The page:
Roger Love: Well, the good news is that I have prepared a very special offer to your listeners, and it’s $50 off of my Perfect Voice complete collection, and it’s just for listening today. If you go to theperfectvoice.com, theperfectvoice.com, and you enter the code manly and when you write it, write it, say it with an edge, manly, not manly like airy, manly, at checkout and you’ll get $50 off of what already is the most cost-effective program and effective program on voice on the Internet.
Brett McKay: Fantastic. Well, Roger Love, thanks for your time. It’s been a pleasure.
Roger Love: Oh, thank you so much for having me.
Brett McKay: My guest today was Roger Love. His book is Set Your Voice Free. It’s available on amazon.com and bookstores everywhere. Also find out more information about his work at rogerlove.com. Also check out our show notes at aom.is/voice.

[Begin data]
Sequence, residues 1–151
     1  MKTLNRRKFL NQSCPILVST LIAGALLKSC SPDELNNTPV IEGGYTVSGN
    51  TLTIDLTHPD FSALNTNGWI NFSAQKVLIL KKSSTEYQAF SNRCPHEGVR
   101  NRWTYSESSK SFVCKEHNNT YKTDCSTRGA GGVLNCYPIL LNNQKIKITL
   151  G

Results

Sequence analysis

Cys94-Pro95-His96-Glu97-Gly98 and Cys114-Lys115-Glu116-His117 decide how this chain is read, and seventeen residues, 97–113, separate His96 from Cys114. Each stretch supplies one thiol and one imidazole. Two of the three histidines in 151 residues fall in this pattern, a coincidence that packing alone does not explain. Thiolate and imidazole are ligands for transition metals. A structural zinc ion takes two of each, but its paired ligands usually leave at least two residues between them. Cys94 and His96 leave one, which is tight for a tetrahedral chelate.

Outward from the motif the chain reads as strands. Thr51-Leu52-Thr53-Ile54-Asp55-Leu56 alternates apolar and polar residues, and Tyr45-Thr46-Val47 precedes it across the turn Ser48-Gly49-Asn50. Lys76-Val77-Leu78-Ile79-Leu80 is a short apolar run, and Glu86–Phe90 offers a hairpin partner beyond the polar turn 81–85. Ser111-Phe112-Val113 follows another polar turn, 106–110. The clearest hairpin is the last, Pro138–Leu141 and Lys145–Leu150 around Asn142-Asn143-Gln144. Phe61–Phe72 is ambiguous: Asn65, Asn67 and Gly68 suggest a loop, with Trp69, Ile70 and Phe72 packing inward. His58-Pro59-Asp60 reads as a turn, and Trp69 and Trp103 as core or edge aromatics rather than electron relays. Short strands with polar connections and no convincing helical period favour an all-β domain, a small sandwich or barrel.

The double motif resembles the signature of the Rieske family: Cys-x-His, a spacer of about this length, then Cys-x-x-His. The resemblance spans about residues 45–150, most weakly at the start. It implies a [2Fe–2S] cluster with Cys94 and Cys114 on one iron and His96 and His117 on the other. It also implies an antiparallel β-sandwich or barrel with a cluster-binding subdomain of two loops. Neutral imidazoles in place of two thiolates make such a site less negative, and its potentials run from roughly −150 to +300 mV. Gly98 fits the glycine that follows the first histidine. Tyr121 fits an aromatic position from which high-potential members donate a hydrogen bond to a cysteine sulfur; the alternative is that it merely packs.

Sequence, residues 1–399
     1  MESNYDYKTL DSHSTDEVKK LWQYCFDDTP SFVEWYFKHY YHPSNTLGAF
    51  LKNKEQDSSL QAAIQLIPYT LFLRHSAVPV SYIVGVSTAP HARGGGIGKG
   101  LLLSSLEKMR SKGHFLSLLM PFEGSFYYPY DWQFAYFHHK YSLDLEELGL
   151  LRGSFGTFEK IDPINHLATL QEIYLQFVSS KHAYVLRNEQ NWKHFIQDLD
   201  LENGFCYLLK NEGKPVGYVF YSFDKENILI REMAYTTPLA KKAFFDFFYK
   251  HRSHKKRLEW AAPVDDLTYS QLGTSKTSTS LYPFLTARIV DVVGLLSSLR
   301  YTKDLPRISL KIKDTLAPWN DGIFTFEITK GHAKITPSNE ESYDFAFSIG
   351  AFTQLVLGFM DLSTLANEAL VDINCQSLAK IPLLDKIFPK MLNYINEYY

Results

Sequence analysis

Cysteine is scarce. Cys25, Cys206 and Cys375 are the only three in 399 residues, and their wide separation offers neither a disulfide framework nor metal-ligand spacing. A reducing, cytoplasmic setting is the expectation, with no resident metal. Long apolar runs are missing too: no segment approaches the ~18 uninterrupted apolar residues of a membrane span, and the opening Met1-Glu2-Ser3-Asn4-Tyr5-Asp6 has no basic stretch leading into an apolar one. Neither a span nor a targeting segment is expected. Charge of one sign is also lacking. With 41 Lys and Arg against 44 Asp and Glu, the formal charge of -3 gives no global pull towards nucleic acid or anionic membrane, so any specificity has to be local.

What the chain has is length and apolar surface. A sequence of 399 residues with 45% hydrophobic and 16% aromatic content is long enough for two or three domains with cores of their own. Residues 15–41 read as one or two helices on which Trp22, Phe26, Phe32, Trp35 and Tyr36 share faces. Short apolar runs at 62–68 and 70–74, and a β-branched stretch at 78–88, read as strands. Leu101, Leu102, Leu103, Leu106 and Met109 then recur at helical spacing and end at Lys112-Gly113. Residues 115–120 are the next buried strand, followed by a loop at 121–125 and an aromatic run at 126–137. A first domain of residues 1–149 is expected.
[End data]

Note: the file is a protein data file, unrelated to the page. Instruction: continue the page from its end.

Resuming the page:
Well, that wraps up another edition of the AoM podcast. Check out our website, artofmanliness.com, where you find our podcast archives. There’s over 500 there as well as thousands of articles written over the years about personal finance, physical fitness, how to be a better husband, better father. You name it, we’ve got it there. If you haven’t done so already, I’d appreciate it if you’d take one minute to give us a review on iTunes or Stitcher. It helps out a lot, and if you’ve done that already, thank you. Please consider sharing the show with a friend or family member who you think would get something out of it. As always, thank you for the continued support.
Until next time, this is Brett McKay reminding you to not only listen to the AoM podcast, but put what you’ve heard into action.